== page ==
Signatures still needed to help Fort Jackson avoid cuts - wistv.com - Columbia, South Carolina |

Signatures still needed to help Fort Jackson avoid cuts

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FORT JACKSON, SC (WIS) -

For many businesspeople like real estate Jennifer Harding, Fort Jackson is worth fighting for. A loss of jobs on the Army post would have an especially drastic impact on her business.

"It means a loss of sales in new homes, resale homes, rentals," Harding explained. "It would be a big impact on our business."

Fort Jackson isn't closing, but the U.S. Army is discussing possible cuts and closures. One recent Army report noted that Fort Jackson could lose a combination of 3,100 working soldiers and civilians in the worst case scenario.

"If you think about the potential loss of 3,100 jobs," Harding said, "that's a lot of trickle-down revenue and a lot of jobs that really would affect this community."

Harding is just one of a few people who have been out collecting signatures as part of a campaign by the Columbia Chamber of Commerce to get ahead of potential cuts.

"Their signature's needed for us to be able to take this to Washington and say how important the fort is to Columbia, South Carolina," Harding said. "They need to act as soon as possible. We need to have these petitions signed."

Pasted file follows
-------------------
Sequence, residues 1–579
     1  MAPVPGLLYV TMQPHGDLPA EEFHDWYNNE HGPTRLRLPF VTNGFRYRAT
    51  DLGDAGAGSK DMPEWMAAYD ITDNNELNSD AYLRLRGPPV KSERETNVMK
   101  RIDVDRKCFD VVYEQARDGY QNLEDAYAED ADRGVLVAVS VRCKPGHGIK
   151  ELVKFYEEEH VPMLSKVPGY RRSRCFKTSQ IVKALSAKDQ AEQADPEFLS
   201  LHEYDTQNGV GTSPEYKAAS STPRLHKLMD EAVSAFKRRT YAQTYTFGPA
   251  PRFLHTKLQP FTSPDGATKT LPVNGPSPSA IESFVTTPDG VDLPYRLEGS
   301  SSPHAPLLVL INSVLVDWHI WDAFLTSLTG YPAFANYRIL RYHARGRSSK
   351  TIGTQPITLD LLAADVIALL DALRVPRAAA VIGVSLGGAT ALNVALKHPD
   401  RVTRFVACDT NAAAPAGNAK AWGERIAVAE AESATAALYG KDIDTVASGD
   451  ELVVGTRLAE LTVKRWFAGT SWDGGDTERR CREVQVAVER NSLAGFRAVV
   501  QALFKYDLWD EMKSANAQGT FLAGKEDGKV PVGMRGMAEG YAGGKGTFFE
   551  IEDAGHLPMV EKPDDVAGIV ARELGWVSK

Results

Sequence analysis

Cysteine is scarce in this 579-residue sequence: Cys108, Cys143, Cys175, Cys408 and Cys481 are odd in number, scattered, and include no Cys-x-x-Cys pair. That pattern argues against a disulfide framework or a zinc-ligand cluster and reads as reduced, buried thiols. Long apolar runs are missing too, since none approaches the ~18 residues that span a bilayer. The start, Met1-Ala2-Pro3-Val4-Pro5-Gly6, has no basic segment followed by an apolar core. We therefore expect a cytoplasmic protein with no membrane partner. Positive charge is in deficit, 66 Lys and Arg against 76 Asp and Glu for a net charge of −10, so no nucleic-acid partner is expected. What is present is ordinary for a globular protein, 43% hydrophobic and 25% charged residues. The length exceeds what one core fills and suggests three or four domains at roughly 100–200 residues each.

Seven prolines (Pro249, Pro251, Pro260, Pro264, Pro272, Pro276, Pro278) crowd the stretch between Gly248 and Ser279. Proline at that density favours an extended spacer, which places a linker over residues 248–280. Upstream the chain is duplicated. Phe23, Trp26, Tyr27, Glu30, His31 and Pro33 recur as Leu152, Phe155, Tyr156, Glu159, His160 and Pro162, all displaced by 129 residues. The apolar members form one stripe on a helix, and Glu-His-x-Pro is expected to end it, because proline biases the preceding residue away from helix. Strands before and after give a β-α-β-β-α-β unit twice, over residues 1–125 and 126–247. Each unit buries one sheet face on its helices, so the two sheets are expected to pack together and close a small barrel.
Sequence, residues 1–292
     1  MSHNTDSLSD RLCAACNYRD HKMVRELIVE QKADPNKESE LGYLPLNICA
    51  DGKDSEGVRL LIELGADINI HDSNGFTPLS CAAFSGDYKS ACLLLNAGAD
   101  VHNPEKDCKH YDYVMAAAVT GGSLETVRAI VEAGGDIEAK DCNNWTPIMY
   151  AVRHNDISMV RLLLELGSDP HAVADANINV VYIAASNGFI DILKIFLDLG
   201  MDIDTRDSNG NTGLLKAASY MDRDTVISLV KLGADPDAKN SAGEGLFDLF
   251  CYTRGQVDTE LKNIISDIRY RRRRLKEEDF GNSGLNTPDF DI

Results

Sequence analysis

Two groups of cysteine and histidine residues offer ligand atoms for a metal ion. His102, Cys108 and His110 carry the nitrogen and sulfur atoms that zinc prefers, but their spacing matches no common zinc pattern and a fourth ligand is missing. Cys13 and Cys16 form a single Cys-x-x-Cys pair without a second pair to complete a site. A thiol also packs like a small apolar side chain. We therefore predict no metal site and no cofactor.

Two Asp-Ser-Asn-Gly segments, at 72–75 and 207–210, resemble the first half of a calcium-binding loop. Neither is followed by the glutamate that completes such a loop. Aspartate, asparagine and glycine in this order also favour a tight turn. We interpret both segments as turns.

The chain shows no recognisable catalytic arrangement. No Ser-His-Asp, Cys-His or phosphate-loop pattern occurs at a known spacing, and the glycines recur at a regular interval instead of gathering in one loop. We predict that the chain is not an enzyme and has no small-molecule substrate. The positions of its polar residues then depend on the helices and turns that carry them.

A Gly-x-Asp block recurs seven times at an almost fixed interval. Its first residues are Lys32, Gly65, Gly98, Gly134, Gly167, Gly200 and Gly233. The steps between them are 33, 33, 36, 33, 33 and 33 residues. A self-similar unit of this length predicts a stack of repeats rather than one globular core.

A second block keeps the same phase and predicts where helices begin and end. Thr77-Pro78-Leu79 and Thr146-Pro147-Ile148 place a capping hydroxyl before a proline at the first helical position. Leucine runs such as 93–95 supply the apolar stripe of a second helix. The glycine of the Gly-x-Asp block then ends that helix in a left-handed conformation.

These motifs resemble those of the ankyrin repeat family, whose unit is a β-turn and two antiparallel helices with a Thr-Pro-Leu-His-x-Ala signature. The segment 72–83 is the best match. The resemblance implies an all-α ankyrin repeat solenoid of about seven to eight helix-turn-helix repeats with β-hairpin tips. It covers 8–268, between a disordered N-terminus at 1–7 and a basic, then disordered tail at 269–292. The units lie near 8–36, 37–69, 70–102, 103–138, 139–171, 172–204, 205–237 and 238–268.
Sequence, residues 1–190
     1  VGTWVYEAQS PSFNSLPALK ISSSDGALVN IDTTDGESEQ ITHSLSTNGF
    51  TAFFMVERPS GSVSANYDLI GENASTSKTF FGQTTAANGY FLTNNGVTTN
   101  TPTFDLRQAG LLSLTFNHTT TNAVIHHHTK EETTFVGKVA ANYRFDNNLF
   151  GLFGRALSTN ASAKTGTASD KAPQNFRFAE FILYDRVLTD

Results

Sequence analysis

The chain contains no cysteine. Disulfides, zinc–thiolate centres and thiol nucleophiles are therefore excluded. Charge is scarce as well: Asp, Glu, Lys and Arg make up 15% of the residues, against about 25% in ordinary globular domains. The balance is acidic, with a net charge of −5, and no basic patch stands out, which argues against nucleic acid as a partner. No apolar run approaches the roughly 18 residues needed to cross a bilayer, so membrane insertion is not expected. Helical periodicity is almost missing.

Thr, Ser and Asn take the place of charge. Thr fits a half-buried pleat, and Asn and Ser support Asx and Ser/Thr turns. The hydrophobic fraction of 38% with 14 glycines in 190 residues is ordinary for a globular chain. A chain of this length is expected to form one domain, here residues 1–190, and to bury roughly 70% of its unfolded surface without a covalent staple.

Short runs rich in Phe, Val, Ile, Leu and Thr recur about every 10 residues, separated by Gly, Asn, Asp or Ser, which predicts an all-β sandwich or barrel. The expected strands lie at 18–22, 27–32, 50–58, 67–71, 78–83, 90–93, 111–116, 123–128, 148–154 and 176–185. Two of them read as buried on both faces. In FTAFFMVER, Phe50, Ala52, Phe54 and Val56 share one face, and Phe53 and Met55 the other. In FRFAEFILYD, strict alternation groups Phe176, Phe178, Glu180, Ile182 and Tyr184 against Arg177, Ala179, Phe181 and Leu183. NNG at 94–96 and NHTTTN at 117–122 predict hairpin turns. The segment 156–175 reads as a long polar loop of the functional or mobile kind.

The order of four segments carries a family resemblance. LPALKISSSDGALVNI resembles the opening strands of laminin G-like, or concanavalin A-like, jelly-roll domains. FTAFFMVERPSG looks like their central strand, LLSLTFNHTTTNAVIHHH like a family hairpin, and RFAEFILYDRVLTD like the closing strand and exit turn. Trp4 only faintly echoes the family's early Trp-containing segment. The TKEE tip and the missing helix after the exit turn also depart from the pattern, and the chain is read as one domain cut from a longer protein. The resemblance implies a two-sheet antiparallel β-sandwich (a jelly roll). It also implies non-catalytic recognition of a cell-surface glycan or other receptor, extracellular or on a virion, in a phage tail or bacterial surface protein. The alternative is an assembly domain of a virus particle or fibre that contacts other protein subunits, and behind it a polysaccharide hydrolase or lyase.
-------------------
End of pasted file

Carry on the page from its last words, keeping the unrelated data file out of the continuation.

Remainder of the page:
"Fort Jackson brings approximately 46,000 soldiers through every year," said Holt Chetwood with the Chamber. "Each solider as they graduate brings approximately two-and-a-half people to celebrate their graduation. They fill our hotels, they eat in our restaurants, and they purchase merchandise and goods while they're here. It has a $2.6 billion impact on an annual basis in the Midlands community."

The report provides a more relaxed assessment of the possible reduction.

It says the economic impact "would be minor and adverse on population, the regional economy, schools and housing."

The report goes on to say that the region "may be able to absorb some of the displaced Army employees, mitigating some of the adverse effects" because of Columbia's diversified economy.

Even with that prediction, the Chamber points to a $189 million impact on income for the Midlands, a total population loss of 7,733 as well as a reduction of $286 million in sales.

Five thousand have already signed the petition to support Fort Jackson, but the Chamber still wants 10,000 signatures to show Washington that the jobs should not be cut. 

"The importance of the signatures is to show the Department of Defense, as they go around over the next couple of months on a listening tour, meeting with community leaders in the community's where their forts are located," added Chetwood. "They want to know those specific communities support the soldiers that they support the army, and these signatures will be a strong message of support for the soldiers at Fort Jackson."

The Chamber says the petition ends on Wednesday.

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